Members of the Native American Journalists Association (NAJA) voted to change the name of the organization to the Indigenous Journalists Association Friday, August 11. Here is the press release issued shortly after the results were announced.
WINNIPEG, CANADA— Members of the Native American Journalists Association (NAJA) voted to change the organization’s name and elected the 2023-2024 Board of Directors during the 2023 National Native Media Conference held this week in Winnipeg, Canada. By a vote of 89–55, or nearly 62 percent, the membership voted to change the name to the Indigenous Journalists Association (IJA), unveiling the new name and logo during the NAJA Membership Luncheon.
“It’s so inspiring to see Indigenous journalists around the world asserting themselves in newsrooms and taking their place as the rightful storytellers of their own narratives. It’s long overdue, and we’re so proud and excited to be a part of that movement,” said NAJA/IJA President Graham Lee Brewer. “Connecting with our brothers and sisters across the globe, from Canada to New Zealand, has made it clear that as Indigenous peoples the struggles we face in this industry are universal.”
The group began in 1983 when several Native American journalists met to form the Native American Press Association. In 1990, the group changed its name to NAJA to expand support for Native voices across all media platforms and ensure accurate and contextual reporting about Native communities.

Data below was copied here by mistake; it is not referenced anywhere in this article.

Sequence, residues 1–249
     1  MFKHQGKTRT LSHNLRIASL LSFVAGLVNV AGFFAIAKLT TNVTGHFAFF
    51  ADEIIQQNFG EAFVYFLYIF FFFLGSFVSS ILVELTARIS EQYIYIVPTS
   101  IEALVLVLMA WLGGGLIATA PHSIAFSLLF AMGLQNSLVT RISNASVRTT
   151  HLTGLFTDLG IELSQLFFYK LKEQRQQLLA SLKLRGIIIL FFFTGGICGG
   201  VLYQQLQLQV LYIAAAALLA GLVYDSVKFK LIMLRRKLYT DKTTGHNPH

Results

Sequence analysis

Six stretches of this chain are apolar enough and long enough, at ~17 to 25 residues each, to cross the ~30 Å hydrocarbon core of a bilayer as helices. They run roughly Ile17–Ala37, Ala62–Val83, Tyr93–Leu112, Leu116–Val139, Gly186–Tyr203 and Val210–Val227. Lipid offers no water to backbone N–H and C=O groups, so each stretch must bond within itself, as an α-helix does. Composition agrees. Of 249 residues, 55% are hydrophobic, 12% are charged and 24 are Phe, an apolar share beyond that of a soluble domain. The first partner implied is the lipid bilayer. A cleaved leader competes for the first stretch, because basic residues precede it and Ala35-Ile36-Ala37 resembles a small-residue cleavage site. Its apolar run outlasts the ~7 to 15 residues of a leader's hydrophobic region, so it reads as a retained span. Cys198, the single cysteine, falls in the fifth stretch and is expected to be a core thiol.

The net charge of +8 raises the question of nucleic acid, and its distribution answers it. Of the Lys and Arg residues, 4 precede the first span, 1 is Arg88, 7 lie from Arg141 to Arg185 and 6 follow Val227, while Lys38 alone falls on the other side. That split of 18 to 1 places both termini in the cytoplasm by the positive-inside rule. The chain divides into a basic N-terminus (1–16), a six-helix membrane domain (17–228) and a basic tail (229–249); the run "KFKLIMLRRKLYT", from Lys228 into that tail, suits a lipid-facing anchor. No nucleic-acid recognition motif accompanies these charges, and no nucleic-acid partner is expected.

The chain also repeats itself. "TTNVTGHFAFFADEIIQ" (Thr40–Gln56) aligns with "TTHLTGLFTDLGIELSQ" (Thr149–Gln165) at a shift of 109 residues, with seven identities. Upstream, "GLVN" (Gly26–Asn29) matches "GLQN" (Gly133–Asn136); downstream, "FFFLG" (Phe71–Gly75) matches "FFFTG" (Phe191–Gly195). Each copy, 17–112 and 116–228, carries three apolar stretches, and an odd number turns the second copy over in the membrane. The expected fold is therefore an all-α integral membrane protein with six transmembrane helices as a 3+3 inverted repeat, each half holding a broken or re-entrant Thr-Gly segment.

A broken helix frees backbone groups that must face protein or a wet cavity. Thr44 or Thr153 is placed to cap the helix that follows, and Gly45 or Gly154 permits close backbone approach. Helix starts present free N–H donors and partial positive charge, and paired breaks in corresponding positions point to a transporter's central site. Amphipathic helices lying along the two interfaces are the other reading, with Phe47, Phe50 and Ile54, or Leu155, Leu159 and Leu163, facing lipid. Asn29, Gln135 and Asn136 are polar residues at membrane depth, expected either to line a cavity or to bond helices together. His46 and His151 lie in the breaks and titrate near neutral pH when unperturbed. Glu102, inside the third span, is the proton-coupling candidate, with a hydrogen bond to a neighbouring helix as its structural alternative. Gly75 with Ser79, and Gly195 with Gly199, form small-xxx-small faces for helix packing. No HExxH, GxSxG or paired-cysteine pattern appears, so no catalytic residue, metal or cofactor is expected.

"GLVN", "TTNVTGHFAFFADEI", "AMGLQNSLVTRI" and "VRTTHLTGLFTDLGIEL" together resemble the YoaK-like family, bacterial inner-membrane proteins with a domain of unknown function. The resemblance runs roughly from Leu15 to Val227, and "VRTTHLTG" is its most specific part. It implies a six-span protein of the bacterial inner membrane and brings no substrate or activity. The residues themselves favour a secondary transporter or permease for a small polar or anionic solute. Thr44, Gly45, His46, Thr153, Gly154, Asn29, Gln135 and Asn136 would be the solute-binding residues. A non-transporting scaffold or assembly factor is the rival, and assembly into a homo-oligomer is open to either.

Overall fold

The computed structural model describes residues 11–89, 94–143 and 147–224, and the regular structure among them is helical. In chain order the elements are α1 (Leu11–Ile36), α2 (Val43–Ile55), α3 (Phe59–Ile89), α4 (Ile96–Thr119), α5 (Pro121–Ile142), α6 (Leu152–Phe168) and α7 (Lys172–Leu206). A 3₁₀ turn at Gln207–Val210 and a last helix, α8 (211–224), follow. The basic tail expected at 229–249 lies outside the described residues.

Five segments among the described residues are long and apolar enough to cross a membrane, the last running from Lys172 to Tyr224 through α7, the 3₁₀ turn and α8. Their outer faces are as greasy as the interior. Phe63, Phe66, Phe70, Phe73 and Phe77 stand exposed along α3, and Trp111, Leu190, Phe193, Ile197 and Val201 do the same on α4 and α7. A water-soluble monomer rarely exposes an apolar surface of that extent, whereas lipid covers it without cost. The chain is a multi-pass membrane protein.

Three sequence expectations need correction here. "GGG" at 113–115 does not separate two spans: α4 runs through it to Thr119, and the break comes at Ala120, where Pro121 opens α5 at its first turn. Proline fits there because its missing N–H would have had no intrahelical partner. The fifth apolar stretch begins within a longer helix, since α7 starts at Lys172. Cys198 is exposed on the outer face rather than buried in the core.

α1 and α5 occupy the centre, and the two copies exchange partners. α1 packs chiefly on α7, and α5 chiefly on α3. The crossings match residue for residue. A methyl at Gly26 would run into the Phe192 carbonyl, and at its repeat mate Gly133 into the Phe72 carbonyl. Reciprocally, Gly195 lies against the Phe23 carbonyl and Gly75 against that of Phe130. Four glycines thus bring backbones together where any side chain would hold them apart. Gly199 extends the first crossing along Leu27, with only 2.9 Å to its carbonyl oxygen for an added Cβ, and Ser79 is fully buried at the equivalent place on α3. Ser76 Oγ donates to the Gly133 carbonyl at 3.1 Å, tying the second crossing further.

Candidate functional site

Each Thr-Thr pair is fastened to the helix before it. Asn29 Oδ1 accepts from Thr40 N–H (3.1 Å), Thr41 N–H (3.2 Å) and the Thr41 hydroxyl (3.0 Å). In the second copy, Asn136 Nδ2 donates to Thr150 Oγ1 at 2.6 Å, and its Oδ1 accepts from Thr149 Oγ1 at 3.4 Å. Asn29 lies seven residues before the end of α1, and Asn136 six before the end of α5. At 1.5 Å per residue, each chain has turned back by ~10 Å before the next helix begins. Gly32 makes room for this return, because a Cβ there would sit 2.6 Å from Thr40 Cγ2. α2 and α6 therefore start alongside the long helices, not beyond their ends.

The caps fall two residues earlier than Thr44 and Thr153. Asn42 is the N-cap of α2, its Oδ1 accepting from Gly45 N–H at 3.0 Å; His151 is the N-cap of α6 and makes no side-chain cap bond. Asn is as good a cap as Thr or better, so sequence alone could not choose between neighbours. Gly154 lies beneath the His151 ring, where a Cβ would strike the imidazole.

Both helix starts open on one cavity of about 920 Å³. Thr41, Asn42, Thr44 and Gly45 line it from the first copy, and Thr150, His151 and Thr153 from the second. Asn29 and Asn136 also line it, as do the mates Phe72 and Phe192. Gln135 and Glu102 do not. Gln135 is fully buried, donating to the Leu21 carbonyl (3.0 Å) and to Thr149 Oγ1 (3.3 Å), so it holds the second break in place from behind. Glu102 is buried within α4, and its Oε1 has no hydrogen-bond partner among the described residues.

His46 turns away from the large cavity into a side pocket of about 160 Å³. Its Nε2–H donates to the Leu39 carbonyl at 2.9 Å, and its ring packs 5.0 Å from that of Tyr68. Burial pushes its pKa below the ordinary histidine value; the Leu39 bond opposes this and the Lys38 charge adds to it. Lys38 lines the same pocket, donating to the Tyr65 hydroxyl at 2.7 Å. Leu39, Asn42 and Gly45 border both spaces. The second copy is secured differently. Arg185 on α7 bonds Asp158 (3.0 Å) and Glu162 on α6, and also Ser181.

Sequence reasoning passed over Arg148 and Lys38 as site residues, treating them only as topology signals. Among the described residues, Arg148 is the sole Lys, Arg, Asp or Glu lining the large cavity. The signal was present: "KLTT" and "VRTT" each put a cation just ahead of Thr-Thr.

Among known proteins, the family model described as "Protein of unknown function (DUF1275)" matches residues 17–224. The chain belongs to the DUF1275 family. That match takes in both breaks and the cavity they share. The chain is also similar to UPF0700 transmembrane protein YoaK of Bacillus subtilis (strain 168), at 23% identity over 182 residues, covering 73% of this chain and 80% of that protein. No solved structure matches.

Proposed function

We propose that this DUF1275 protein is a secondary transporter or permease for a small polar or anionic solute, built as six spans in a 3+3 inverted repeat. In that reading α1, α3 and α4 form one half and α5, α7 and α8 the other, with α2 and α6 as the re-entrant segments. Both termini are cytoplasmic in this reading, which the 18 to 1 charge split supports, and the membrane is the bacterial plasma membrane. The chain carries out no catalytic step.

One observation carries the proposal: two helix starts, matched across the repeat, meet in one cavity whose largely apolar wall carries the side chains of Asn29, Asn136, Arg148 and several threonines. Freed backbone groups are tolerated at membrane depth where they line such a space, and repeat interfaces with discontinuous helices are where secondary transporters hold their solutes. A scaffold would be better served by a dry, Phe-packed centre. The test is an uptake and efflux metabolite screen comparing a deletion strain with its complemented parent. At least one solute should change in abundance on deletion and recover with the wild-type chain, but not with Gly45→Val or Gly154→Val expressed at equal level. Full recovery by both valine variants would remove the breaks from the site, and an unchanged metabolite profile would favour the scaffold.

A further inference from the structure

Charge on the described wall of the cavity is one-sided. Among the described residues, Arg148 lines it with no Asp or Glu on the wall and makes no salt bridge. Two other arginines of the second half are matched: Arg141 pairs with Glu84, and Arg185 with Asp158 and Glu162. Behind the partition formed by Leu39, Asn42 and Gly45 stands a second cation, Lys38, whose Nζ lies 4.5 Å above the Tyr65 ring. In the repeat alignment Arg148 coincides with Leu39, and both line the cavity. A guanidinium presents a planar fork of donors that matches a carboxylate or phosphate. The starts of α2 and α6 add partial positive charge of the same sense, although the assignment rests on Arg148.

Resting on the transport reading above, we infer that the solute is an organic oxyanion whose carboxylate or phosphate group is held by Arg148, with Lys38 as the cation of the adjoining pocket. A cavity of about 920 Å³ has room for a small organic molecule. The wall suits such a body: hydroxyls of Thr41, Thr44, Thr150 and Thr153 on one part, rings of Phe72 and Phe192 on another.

“Despite the colonial framework that has warped our histories and shapes the stories told about us today or the challenges of working within structures that weren’t designed for us to thrive, we see Indigenous journalists at every level doing the important work of representing their people. We live in a time when it is possible to connect and create deep, meaningful relationships with Indigenous journalists no matter where they are, and we look forward to helping them find each other to share their knowledge and support,” Brewer said.
NAJA/IJA recognizes Indigenous peoples as distinct groups based on tradition and culture. In this spirit, NAJA/IJA educates and unifies its membership through journalism programs that promote diversity and defends challenges to free press, speech, and expression. The group is committed to increasing the representation of Indigenous journalists in mainstream media and encourages mainstream and Indigenous media to attain the highest standards of professionalism, ethics, and responsibility.
Sunnie Clahchischiligi (Diné) and Joseph Lee (Wampanoag Tribe of Gay Head) were newly elected to serve on the board of directors. Jourdan Bennett-Begaye (Diné) is a returning board.
Angel Ellis (Muscogee Creek Nation), Savannah Maher (Mashpee Wampanoag), Angel Moore (Peguis First Nation), Shondiin Silversmith (Diné), Jodi Rave Spotted Bear (Mandan, Hidatsa and Arikara Nation / Lakota) and Christine Trudeau (Prairie Band Potawatomi Nation) will remain seated for the duration of their terms.
NAJA/IJA Executive Director Rebecca Landsberry-Baker said the operation has been preparing for the proposed rebrand for the last year, including developing a new website.
“Once again, our members have thoughtfully considered a name change to be more inclusive of Indigenous journalists globally. I’m looking forward to expanding support for our members and the communities we serve over IJA’s next 40 years,” Landsberry-Baker said.
About the Indigenous Journalists Association
IJA serves more than 850 members, including media professionals working in Indigenous, freelance, independent, and mainstream news outlets, as well as academia and students covering Indigenous peoples and communities.